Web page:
So it’s that time of the year again, the new year and back to work after the Christmas holidays, chock full of new year’s resolution waiting to be dashed against the rocks of every day life and humdrum routine. Resolutions that will, inevitably, succumb, to quote the poet Ace Ventura, to the chewy chunks of degradation.
I’ve been gearing myself for this return to work and the inevitable stress that comes with it, for the past two days. Mentally preparing, doing some mindfulness, a bit of yoga and some mountain biking without mountains. All in the hopes of not having a nervous breakdown and subsequent embarrassing, screaming at co-workers, hiding and crying in the toilet stalls, typical meltdown on my first week back at work. It hasn’t worked for shit.
Don’t get me wrong, I like my job and I actually like the people I work with, some of them anyway. But going back to reality after a two week holiday is a terrible and shocking experience. It’s not so much the work itself, but the huge change in comfortable, enjoyable routine that comes with it. One moment you’re waking up late, spending all morning in bed reading, talking and doing other enjoyable, sensuous and sensual experiences, the next you’re waking up early to the trill of an annoying alarm, having slept only six hours, feeling like a fucking zombie, dreading the one hour commute to work only to dread the nine hours incarceration, chained to a computer, sitting on your arse all day, without even glimpsing the occasional peek of the sun.
One day your biggest stressful moment is deciding where to go for a bike ride, the next you are faced with myriad stressful moments, great and small, in the course of a single day at a fucking office. Co-workers, deadlines, more co-workers, that particular person you don’t want to see for a particular reason. The person you do want to see, but you shouldn’t for a different particular reason. The co-worker who talks too much and won’t leave you alone, the one that tells you what to do and how to do it, etc, etc.
Some people don’t have these problems, some people don’t even have to go into an office! These supercilious and smug bastards would read a post like this and feel pity for us office drones, drowning in the insufferable and futile rat-race that are our daily lives. All for what? To wonder, in the end, what the hell did I spend so much time at the office for? It sure as hell wasn’t for me! I hate those life-loving, joyful bastards!
But it’s not all apocalyptic nightmares. Working in an office means you get to meet different people that you would never meet otherwise. It means you also get to learn, from some of them, amazing things. It means you get to experience a diverse ecosystem of human life, especially if you work in a big, cosmopolitan city like London. Yes, you are part of the rat-race and the commute is awful but to be able to live in and enjoy a city like London, you have to make those sacrifices. Nothing in life is free.
So I don’t have a magic kernel of wisdom to impart here to make your back-to-workexperience any better. I’m in the same boat as all you hapless, unfortunate idiots out there. But I do have a few tips:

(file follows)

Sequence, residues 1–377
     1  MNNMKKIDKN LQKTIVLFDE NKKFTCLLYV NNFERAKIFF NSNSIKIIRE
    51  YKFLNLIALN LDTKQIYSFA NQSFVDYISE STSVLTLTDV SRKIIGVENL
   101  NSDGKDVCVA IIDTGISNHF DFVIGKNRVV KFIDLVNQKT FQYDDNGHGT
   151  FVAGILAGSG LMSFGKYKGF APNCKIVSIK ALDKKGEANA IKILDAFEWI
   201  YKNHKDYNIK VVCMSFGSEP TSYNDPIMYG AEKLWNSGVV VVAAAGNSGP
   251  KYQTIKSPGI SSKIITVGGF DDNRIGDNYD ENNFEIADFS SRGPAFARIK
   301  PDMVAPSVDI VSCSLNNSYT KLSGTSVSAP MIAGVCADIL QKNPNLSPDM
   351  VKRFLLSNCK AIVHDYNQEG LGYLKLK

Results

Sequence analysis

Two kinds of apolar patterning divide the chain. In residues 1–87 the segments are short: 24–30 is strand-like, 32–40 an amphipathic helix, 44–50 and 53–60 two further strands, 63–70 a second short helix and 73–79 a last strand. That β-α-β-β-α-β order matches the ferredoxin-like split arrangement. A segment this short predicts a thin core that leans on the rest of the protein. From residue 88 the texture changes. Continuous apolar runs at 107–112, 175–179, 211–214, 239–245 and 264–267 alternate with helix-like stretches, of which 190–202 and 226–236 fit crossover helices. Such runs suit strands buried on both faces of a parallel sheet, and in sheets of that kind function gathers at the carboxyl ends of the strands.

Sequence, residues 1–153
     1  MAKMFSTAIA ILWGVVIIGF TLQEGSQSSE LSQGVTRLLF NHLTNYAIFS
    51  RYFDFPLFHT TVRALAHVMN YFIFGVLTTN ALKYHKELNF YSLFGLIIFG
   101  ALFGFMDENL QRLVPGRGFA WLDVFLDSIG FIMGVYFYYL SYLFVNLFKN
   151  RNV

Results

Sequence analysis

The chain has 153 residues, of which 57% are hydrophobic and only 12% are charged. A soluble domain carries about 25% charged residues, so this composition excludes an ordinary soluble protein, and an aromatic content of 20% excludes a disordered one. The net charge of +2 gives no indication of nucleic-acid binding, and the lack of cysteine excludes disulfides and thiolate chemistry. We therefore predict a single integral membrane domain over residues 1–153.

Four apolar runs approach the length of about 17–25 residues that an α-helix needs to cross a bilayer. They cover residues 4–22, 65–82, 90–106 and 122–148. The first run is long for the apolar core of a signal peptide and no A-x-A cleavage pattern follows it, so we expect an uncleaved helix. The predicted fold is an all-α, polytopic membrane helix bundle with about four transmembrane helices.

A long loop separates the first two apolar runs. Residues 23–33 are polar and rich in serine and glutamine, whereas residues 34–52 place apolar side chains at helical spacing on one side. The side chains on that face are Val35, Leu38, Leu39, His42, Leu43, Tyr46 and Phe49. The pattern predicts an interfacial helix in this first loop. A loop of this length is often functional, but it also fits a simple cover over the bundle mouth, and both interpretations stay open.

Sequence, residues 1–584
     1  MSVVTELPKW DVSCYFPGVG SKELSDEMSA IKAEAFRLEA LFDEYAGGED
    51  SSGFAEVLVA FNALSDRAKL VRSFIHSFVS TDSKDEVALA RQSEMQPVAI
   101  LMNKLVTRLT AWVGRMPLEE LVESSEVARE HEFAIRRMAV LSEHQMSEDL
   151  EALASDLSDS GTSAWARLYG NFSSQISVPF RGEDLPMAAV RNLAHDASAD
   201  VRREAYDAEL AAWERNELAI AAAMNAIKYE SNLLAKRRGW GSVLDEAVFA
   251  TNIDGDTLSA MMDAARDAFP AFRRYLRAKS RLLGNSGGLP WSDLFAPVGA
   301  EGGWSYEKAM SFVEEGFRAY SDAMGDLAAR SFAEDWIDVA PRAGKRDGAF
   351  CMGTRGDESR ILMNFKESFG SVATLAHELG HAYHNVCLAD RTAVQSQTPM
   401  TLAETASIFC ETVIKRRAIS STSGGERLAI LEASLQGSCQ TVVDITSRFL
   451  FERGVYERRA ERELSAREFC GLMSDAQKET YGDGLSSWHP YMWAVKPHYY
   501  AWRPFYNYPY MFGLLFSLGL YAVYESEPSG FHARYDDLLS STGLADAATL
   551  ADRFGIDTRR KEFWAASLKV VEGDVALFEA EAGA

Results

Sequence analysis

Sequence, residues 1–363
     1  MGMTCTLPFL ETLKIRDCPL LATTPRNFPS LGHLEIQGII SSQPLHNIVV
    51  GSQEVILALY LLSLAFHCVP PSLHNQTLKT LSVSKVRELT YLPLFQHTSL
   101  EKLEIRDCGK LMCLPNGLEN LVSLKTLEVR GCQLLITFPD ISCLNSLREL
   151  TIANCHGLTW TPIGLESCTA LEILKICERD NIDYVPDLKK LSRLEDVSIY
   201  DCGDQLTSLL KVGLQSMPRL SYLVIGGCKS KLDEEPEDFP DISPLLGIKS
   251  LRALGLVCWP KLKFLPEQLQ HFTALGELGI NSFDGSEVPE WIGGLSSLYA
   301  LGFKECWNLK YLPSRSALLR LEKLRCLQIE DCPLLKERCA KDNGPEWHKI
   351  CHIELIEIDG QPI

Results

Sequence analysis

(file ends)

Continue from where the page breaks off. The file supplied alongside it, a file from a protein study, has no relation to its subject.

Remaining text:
Get more exercise
If you can, bike or run to work. This will greatly help with the stress.
If you can’t, find a gym or martial arts centre nearby. Any sort of exercise will help with the daily stress and awfulness of modern lives in a big city.
Even getting off a couple of tube or train stops away from work and walking the rest of the way will help.
This means, take more breaks, talk to people, go for walks, leave the walls of your entombment and see the world outside, smell the flowers, or the piss on London Bridge if flowers are scarce on the ground. Whatever, just get out.
No matter how busy you are, you will always have time for a stroll around your prison complex.
Take the time to do it, it will make a difference in your every day life.
Negotiate a different schedule that works for you
Maybe working from home a couple of days a week, or arriving a bit later and leaving a bit later, this way you avoid the terrible rush hour commute that zaps your energy and your will to live every day. A rush-hour commute will start you off on a bad foot already and everything will seem to be downhill from there.
Spend time doing something that make you happy every day
That could be reading, or watching a nature programme on TV of squirrel-molesting in the park or dressing up as a tranny or spending time with your family, I don’t know. Whatever it is just do it.
This, I think, is the most important thing you can do. No matter how awful the commute is or how stressful your work, or the deadlines, etc. you will always have something to be grateful about. Starting with the fact that you have a job to stress about and make you prematurely old and invalid! Many of people don’t.
Be grateful for the fact that this job allows you to live in the city that you choose to live in (if it doesn’t, it’s time to move or find another job that does).
Be grateful that you are in relatively good health and can do your job.
Be grateful that you are not in a city besieged by war (lots of people are these days).
I could go on and on but you get the point. Think about things that you can be grateful for, the experts say at least three things, and be grateful for them every day and every evening. Write them down, it helps.
Best of luck out there.